“In the place where I have what it takes” (Elliot Smith)

So this is the waiting room.


The studio, condensed down to the immediate and the current. Future work cannot be considered here. Past work is in a different dimension.

It is a nest, undeniably. For which I am teased. This afternoon is a weird one. I sit in the chair isolated from everything outside the circle by the use of laptop, headphones and sketchbook. I am turned away from the room (husband, ironing pile, unopened mail). An artificial isolation perhaps, looking out into the brown garden, but necessary.

The song in my headphones and head is an appropriate choice: the lyrics stick:

It’s ok, it’s all right, nothing’s wrong

Tell Mr Man with impossible plans

Just to leave me alone

In the place where I make no mistakes

In the place where I have what it takes

A verse taken out of the context of Elliot Smith’s “Waltz #2”, but a sentiment that cuts to the bone today.

I have had three amazingly brilliant music studio days, doing my own work and supporting other people’s. I have learned things… mostly about myself. I’ve been told I’m good at something. I have good pitch apparently. In that little booth with the headphones on, I have what it takes. No one told me I was good at this before, not really. I’ve been complimented on my voice – it’s lovely to be told nice things about your performance – but this practical application of a skill I didn’t have a clue I had, or was even a thing… it’s had an effect on me. I’m accurate, therefore quick, therefore expensive studio time is saved. I’m useful. This might to others seem to be a small thing, but today I retreat to think about it all.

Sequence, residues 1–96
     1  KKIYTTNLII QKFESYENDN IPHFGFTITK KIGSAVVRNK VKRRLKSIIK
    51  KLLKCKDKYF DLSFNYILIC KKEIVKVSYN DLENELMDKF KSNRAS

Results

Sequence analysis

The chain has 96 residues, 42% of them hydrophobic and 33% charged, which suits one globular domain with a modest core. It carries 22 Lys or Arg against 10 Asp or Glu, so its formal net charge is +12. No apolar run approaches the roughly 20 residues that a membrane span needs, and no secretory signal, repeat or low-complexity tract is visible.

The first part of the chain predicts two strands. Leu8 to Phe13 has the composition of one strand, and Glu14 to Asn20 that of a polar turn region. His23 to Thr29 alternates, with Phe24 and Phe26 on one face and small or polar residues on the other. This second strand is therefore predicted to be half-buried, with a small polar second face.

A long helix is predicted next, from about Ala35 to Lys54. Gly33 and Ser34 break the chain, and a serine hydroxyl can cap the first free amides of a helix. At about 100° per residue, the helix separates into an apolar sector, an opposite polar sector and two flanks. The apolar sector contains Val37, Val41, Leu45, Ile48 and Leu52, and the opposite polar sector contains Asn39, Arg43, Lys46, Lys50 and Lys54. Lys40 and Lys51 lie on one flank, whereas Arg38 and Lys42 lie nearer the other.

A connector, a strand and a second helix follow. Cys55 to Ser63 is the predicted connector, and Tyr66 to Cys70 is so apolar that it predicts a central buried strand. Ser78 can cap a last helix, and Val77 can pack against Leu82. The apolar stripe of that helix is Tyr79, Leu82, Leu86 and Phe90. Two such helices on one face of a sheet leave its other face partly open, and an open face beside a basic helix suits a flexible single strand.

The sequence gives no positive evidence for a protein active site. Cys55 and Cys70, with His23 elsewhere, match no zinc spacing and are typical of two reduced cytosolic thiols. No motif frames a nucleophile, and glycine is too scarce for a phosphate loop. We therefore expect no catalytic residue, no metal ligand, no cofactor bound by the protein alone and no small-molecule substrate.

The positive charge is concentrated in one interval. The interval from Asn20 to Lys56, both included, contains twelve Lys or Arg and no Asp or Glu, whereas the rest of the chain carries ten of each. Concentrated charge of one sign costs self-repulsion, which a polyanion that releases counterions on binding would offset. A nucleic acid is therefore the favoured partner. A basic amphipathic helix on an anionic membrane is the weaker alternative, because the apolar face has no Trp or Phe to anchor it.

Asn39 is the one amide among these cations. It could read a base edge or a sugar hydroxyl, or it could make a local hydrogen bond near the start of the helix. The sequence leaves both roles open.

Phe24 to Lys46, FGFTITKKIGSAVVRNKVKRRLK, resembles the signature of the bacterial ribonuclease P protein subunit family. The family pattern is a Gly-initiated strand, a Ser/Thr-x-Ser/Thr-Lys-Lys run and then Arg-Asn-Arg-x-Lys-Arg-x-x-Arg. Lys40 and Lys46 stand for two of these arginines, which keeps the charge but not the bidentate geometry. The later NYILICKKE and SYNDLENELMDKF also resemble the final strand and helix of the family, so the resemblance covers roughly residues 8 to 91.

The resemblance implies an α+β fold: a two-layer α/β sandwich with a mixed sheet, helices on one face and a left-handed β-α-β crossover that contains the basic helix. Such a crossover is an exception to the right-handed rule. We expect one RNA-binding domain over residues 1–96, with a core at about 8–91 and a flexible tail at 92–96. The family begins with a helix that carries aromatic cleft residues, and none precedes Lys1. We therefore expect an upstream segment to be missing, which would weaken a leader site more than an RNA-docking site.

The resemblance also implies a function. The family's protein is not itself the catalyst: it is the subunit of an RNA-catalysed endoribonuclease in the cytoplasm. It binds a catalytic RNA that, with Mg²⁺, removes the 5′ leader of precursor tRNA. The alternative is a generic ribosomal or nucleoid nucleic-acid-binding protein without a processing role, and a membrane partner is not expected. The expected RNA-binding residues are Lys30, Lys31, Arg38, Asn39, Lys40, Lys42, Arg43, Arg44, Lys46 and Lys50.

I am at the very beginning stages of trying to construct a body of musical work that is just me. That is very difficult. I’m having trouble focussing. It’s like knitting smoke. I’m distracted by the skills/talent/experience of others and forget myself… so it is taking a while to figure out what it is that I want. I value others’ musical experience and knowledge over my own, definitely. I have to remind myself that I am of value, and that my opinions, ideas and different skill set have worth. I have something unique to offer other people’s ears. My ear to brain transport system is slow, synapses are on slow-burn, not quick-fire. What takes someone with musical training five minutes can take me five weeks.

I suppose yesterday’s revelation of a gift/skill came as a shock. yet again I review myself. I retreat to my armchair studio, with my back to the world while I try to make sense of it… “in the place where I make no mistakes, in the place where I have what it takes…”

…troubling… art is all about making mistakes and being open to what is revealed. Discovering you might have what it takes in a new arena is terrifying, so I retreat to the safe place.

Maybe that is what “studio” is as an etherial hard-to-pin-down concept? The place to retreat to and venture out from? Whether that is the space in your head, protected by headphones and sketchbook, or the physical space with walls and a door and window that I’m waiting for at the moment is perhaps not as relevant as I think?

I know that if I am to create this piece/collection/body of music that is completely an expression of me, then I’m going to make lots of mistakes, and make lots of false starts. How I view my internal/external “studio” could be crucial to my mental health.

When I started writing this as scribbling in my sketch book I didn’t know if it was going to stay in the pages or get published on the blog (some posts are transcribed from my sketchbook, some are directly typed here).

It is a truth – my truth – that I waver between the capable and incapable; the novice and the accomplished; the bucket of self-doubt and the egotist; the ugly, fat woman and the beautiful, desirable woman. In my lucid moments I know that this probably applies to most people, most women, most artists.

Some days I can strut out and do my stuff.

Some days I curl up, unable to cope with the external.

Tomorrow is a different world.

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